Financial expert and former Chief Executive Officer of Ecobank Group, Albert Essien, has called on private investors to pool their resources to create a fund or investment vehicle that could support the country’s economic recovery.
He said a pool of patient private capital has the potential to leverage additional funding from other sources, including international development agencies and multilateral organisations.
This approach, he noted, is essential to Ghana’s economic recovery, since it would allow the country to wean itself off dependence on imports – essentially creating a win-win situation for all stakeholders.
“One potential benefit of pooling private capital is that it can help to leverage additional funding from other sources, including international development agencies and multilateral organisations. Demonstrating a commitment from the private sector to support Ghana’s economic recovery can help to attract additional investment and funding from other sources,” Mr. Essien said.
Mr. Essien made this call during his keynote address at the Ghana Venture Capital and Private Equity Association 2023 conference, where he explained that pooling private capital could involve and invigorate investments in critical sectors such as healthcare, real estate, infrastructure and agriculture.
In addition, he mentioned that strategic partnerships with development finance institutions (DFIs) could also provide matching funds and expert support for developing and creating efficiencies in investee companies. “This approach could be a win-win for both DFIs and local private (PE) and venture capital (VC) funds. For instance, the AfiG Funds LPs – such as International Finance Corporation (IFC) – provide capital and expertise to support the growth of investee companies.”
Private equity and venture capital funds are set to invest at least US$30million in small and medium-scale enterprises (SMEs) this year, providing financing to companies at various stages of growth. This year, Venture Capital Trust Fund has committed to deploying approximately GH¢200million – aimed at supporting managers who can rapidly deploy it to the real sector and strengthen the economy’s resilience.
These funds are expected to provide access to much-needed capital for companies that may struggle to secure financing from traditional sources, such as banks. Investing in SMEs, private equity and venture capital funds helps to stimulate economic growth and job creation.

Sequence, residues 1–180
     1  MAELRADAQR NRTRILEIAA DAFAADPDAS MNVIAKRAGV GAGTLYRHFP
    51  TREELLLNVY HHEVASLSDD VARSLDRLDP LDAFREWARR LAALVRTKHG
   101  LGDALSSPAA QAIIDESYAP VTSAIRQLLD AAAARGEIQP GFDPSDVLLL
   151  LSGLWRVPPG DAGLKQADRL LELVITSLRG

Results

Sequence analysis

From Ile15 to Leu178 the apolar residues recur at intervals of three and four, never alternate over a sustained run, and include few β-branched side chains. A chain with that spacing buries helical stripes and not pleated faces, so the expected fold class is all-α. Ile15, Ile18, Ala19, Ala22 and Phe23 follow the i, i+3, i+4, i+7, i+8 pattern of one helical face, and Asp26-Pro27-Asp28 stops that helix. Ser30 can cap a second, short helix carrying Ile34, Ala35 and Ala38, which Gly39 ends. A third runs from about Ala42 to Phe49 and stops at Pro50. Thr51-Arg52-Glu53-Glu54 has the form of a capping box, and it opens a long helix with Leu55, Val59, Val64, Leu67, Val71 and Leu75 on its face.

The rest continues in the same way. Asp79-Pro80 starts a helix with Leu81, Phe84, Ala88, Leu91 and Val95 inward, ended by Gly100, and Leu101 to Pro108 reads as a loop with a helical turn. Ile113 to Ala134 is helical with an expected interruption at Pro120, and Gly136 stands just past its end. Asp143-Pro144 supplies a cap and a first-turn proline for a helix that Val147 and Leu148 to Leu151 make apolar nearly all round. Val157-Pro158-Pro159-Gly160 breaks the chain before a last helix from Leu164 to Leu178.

To create a vibrant PE/VC ecosystem, “PEs and VCs should share best practices and lessons learned, creating a body of knowledge that can influence and drive policy initiatives. This approach will help create a thriving private equity industry that will unlock and drive sustainable economic recovery for SMEs and the country,” he said.
Noting that government intervention in the private equity and venture capital space is not unusual, Mr. Essien highlighted four fundamental approaches through which government could create a conducive legal/regulatory and tax framework for PE/VC funds. The first approach involves government recognising the lack of risk financing that is preventing innovative ideas with commercial potential from reaching the market.
He suggested that through a public-private partnership (PPP), government could create an incubation programme to pivot innovative businesses through a venture capital fund.
The third mode of intervention, he noted, is being exemplified by the Venture Capital Trust Fund (VCTF) – a government-sponsored fund of funds that provides seed capital to PE/VC funds in the ecosystem. “This approach builds the capacity of domestic fund managers and co-investors, creating a supportive environment for SMEs.”
The final approach is direct government participation through creating a PE fund-type structure like the Ghana Amalgamated Fund (GAT), which supports critical strategic assets to meet their solvency requirements.
In addition, Mr. Essien suggested an intentional approach by government and private entities to create an entrepreneurship challenge, like the national science and math quiz – as this would encourage entrepreneurship and innovation at tertiary institutions, converting the comparative advantage of having a youthful and vibrant population into a competitive advantage.
Doing this, he added, will ensure that the youth will no longer be job-seekers but job-creators.
“Ghana’s current financial crisis presents a significant challenge and an opportunity to explore new ways of mobilizing resources to support economic recovery and growth. The opportunities in Ghana and Africa are wrapped in their unique challenges. It is time for Ghana to develop home-grown solutions to the many problems it is afflicted by,” he said.